"Okay," responded the surprised girl. "Is everything all right? I really hope we can get together," she added.

"Me too!" said Rachel, sounding a little panicked as she hung up the phone. She quickly dialed Leah's number.

"Maybe I can reach her to cancel before she leaves for the library," Rachel thought. But to her chagrin, Leah's mother told her that Leah had just gotten on the bus and was on her way. Rachel looked up the phone number of the library to leave Leah a message.

No luck. Her heart sank when a recording came on the line that the library's phone was temporarily out of order. "Now what do I do?" thought Rachel. "Leah's going to be waiting for me, I've tried everything to reach her, and there's no time to get to the library, tell her, and get to the hotel way across town in time. But I guess Leah will just have to understand. After all how often do I get a chance to see Carmella?"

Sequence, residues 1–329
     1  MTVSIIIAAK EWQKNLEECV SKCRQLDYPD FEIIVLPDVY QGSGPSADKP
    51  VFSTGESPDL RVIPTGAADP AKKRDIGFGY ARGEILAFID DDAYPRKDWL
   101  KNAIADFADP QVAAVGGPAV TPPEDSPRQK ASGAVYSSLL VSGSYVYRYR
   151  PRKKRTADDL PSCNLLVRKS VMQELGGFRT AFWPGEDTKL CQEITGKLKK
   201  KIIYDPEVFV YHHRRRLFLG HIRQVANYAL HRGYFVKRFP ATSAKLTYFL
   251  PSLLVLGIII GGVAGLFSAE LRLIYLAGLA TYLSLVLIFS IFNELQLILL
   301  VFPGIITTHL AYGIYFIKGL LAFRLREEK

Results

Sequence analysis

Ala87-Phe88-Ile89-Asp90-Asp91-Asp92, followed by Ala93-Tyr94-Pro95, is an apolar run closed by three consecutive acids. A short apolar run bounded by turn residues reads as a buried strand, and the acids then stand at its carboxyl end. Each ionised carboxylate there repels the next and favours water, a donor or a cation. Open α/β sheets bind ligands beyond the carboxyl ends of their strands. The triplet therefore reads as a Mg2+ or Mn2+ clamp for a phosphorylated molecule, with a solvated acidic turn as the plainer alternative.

She started to dial up Carmella to tell her she'd come. But then Rachel had a second thought. "But I promised Leah I'd meet her. She'll be sitting there just waiting for me. And even if I could reach her and let her know I can't make it, she's counting on me to come. How can I just not show up?"

Hesitantly, Rachel dialed her friend in the hotel. "Carmi, I'd love to see you but I just can't ... I gave my word."

She explained the whole story.

"Rachel I'll miss you terribly," said Carmella. "But I respect you for what you're doing. That's just the kind of thing that makes me want us to stay friends. Hopefully it will work out next month."

The girls enjoyed a quick chat, and Rachel grabbed her books, and headed for the library, content that she had chosen to do what was right.


Ages 3-5

Q. How would you feel if somebody was supposed to come to your house to play with you but in the end he never came?

Q. Is it okay to promise somebody something and then change your mind and not keep your word just because you don't feel like it? Why or why not?
A. It's not okay, because it's important to be reliable and keep all promises whenever possible.

Ages 6-9

Q. Do you think Rachel did the right thing by not going to see Carmella?